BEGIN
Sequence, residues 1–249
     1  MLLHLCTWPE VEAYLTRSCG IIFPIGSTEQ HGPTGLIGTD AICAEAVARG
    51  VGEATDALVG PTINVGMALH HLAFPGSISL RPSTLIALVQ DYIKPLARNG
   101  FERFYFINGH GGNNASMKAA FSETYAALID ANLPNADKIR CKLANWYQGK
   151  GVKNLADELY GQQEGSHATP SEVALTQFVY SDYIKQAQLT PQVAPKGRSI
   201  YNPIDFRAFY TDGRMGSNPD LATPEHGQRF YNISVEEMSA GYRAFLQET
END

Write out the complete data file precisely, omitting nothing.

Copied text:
Sequence, residues 1–249
     1  MLLHLCTWPE VEAYLTRSCG IIFPIGSTEQ HGPTGLIGTD AICAEAVARG
    51  VGEATDALVG PTINVGMALH HLAFPGSISL RPSTLIALVQ DYIKPLARNG
   101  FERFYFINGH GGNNASMKAA FSETYAALID ANLPNADKIR CKLANWYQGK
   151  GVKNLADELY GQQEGSHATP SEVALTQFVY SDYIKQAQLT PQVAPKGRSI
   201  YNPIDFRAFY TDGRMGSNPD LATPEHGQRF YNISVEEMSA GYRAFLQET